California Performance and Payment Bonds

At Surety Bonds Agent, we offer a full range of surety bonds nationwide through an extended carrier network. Continue below to learn more about California performance and payment bonds.  If you have additional questions or want to explore bonding solutions for your business, speak with one of our knowledgeable surety bond experts.

 

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FREE PERFORMANCE & PAYMENT BOND QUOTE

What Are California Performance & Payment Bonds?

There is a lot at stake for project owners, both public and private. Performance and payment bonds provide protection against the financial losses that can result when contractors fail to complete a construction job in accordance with the construction contract and/or don’t pay their subcontractors and suppliers. The bond protects project owners by:

  • Legally obligating the general contractor to abide by all applicable laws and regulations and the terms of the construction contract
  • Providing compensation when valid claims for damages are filed
  • Preventing mechanic’s liens on the property

A California performance and payment bond combines the protection afforded by both performance bonds and payment bonds in a single surety bond.

 

Who Needs One?

Every state has its own version of the federal Miller Act that requires performance and payment bonds for federally funded construction projects. In California, performance and payment bonds are required for any public works projects valued at $25,000 or more. The primary contractor on such a project must furnish a payment and performance bond in an amount equal to half the value of the contract. 

Increasingly, private project owners also are requiring their contractors to provide a performance and payment bond.

How Does a Performance & Payment Bond Work?

In the language of surety bonds, the three parties to a California performance and payment bond are known as the obligee, the principal, and the surety.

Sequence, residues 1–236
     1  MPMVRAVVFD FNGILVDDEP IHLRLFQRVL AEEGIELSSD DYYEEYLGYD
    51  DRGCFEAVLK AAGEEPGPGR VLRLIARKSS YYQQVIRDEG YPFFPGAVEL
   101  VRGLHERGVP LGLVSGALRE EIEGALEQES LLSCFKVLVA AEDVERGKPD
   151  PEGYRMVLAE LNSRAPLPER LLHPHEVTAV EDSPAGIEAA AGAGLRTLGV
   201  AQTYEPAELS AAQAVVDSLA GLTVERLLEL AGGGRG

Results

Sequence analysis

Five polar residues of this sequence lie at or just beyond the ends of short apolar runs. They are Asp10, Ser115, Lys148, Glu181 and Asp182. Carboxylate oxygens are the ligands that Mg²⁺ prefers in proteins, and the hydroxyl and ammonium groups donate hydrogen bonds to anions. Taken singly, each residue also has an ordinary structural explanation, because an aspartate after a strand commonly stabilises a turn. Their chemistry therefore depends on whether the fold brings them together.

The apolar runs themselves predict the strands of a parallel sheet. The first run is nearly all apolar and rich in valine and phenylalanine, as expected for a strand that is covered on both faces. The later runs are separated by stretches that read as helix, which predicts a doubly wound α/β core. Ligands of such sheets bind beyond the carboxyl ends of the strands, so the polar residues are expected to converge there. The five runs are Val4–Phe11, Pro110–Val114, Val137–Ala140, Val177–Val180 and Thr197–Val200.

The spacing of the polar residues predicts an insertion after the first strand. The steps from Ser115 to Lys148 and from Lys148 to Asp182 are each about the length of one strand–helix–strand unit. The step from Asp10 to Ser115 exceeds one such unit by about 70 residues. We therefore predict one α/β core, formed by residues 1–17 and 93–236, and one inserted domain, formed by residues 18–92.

• The project owner requiring the bond is the obligee,
  • The contractor purchasing the bond is the principal, and 
  • The bond’s guarantor is the surety.

In guaranteeing the bond, the surety guarantees to lend funds to the principal to pay a claim. The surety is indemnified against legal responsibility for the claim amount. The legal obligation to pay valid claims belongs entirely to the principal.

When a claim is received, the surety will determine whether it is valid. If it is, the surety will pay it on behalf of the principal as an extension of credit to the principal. This creates a debt the principal must pay back to the surety. Not repaying it means the surety can take legal action to recover the funds.

How Much Does It Cost?

The annual premium for a California Performance and payment bond is calculated by multiplying two values:

  • the required bond amount set by the obligee, and
  • the premium rate determined by the surety through underwriting.

Underwriting aims to assess the risk of the surety not being repaid for claims paid on behalf of the principal. The primary measure of that risk is the principal’s personal credit score.

A principal with a high credit score does not pose much risk to the surety and usually is assigned a low premium rate. Someone with lesser credit presents a greater risk of non-repayment and therefore pays a higher premium rate. 

The premium rate for a well-qualified principal usually is in the range of 1% to 3%.